No. of Recommendations: 0
On Wed, 23 Apr 97 18:30:00 -0600, indiana_jones wrote:
<<What are some good stategies to increase your credit cards purchasing power.


Well, sometimes you can just ASK them to increase your
credit line. Or if it's just one big purchase you
need to make, they may be willing to give you a one-time

But if you're already at the limit of what they want to
risk on you, to get a higher credit line, you need to prove yourself as a trustworthy credit risk over a long period of time (2-3 years, if not more).

How do you do prove yourself to be a good risk? My ideas:

1 - Pay your balance off in full every month. This shows you can be responsible with your credit and you pay off
your debts. If you can do this reliably, you will be offered far more credit than you should ever need (or dare use). For example, I did this throughout my college years and got from a single co-signed $500 credit limit card to multiple cards, including a gold card with a $5000 credit limit, while I was still in school, with less than $8K/yr income!

2 - NEVER, EVER, EVER, miss a payment!!!!! If nothing else,
send in the $15 minimum payment, and make sure it's on
time. I suspect this is far more important than #1, especially since they make a lot of money on people who
only pay off the minimum due. Don't miss payments on car loans or store credit plans, either: they all go towards your credit record. Reason: missed/late payments scare
the bejeesus out of lenders because they start to wonder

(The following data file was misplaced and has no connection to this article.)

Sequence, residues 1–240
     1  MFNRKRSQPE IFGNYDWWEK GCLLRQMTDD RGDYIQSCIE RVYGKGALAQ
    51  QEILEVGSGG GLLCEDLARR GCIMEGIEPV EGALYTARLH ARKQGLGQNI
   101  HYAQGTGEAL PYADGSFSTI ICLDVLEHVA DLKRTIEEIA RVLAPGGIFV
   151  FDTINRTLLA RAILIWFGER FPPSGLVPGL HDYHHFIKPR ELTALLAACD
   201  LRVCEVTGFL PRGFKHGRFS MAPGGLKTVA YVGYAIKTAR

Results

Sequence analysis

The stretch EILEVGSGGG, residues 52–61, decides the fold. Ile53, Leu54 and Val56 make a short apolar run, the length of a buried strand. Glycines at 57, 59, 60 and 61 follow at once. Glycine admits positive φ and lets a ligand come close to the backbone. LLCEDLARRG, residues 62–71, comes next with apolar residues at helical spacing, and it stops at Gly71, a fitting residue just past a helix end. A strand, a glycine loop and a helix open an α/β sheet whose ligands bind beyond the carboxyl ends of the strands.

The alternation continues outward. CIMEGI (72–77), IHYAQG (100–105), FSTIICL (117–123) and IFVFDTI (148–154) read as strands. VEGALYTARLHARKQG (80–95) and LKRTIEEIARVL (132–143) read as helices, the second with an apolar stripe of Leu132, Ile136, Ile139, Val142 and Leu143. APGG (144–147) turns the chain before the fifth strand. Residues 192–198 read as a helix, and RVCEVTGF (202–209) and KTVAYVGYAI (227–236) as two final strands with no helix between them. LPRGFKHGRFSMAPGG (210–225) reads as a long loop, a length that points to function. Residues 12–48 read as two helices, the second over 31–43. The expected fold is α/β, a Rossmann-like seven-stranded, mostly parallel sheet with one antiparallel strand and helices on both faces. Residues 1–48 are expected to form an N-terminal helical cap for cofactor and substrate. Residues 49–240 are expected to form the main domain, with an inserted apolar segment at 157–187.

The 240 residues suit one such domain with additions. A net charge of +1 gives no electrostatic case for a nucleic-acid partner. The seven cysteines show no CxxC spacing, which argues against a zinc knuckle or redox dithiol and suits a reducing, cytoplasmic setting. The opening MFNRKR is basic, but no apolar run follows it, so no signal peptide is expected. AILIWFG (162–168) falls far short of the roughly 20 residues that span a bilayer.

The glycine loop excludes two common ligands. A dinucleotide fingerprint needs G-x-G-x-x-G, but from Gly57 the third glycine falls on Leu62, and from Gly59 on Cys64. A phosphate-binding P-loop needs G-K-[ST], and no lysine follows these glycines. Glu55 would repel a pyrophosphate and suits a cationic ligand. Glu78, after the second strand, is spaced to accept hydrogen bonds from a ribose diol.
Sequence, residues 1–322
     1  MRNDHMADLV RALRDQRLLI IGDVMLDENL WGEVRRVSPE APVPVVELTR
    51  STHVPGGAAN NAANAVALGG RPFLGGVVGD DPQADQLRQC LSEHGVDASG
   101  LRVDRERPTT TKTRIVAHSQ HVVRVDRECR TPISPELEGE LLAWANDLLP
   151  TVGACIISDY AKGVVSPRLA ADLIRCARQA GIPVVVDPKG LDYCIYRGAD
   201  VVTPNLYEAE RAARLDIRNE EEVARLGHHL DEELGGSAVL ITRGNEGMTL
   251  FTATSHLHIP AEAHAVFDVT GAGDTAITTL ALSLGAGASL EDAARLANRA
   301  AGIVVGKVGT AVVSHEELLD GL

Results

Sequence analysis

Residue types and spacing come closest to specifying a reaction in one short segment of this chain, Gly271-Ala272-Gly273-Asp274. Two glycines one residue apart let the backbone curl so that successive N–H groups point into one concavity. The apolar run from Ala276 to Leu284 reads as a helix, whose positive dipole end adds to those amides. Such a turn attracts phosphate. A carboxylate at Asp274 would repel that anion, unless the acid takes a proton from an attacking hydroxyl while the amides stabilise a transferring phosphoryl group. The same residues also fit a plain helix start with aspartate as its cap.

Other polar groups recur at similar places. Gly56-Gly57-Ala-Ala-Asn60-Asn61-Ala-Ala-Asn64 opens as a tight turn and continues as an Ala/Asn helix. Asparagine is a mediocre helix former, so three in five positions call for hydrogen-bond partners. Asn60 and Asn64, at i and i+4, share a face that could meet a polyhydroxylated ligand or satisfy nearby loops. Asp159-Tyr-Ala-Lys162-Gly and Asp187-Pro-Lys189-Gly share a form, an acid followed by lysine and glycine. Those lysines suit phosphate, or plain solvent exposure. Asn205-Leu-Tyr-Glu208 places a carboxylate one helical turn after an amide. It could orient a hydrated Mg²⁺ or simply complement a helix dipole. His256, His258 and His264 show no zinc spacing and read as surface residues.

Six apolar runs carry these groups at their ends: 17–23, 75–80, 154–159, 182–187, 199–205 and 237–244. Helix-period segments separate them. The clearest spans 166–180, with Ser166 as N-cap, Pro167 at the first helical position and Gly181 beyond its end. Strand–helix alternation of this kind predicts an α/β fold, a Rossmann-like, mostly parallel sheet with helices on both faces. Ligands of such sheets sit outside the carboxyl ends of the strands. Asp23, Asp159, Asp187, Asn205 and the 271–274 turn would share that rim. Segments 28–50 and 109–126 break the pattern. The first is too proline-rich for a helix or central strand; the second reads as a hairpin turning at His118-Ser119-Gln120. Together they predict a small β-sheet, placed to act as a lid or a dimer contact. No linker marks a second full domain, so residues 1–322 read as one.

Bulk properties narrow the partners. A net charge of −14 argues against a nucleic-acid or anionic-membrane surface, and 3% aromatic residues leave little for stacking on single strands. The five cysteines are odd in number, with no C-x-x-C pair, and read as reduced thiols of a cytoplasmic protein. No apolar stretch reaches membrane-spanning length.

if you're reliable enough and if they'll ever get their
money back.

3 - Don't have too many credit cards and other loans. If
you have more than 4-5 credit cards, it may look like
you could over-extend yourself if you were to max them all out. Consider getting rid of a few if you have a lot
of them.

4 - Even if you can't pay off every balance in full every month, try doing it with ONE card (while making at least the minimum payments on the rest, on time). This will give you some of the same benefits as #1, and should boost your
chances of getting a bigger credit line at least with that
one card.

5 - In general, pay down as much debt as you can. Think
of all the money you owe on credit cards. Divide that
by your yearly salary. How big a percentage is it? If
it's a large percentage, they may be unwilling to increase
your credit line. Also, do the same thing, but totalling
the max credit lines on all your cards, and figuring that
as a percentage of your salary. If this is a large percentage they also may be unwilling to raise your limits,
even if you aren't using the credit (see #3).

6 - Instead of buying something and then paying it off on the card over months, save for it first, keeping the money in savings account or money market account. Then buy it with the card, and pay it off in full when the bill arrives. While you've had to wait longer to buy, you've been getting interest on your money instead of paying interest on it in the meantime, and it looks good on your credit record.

Good luck!
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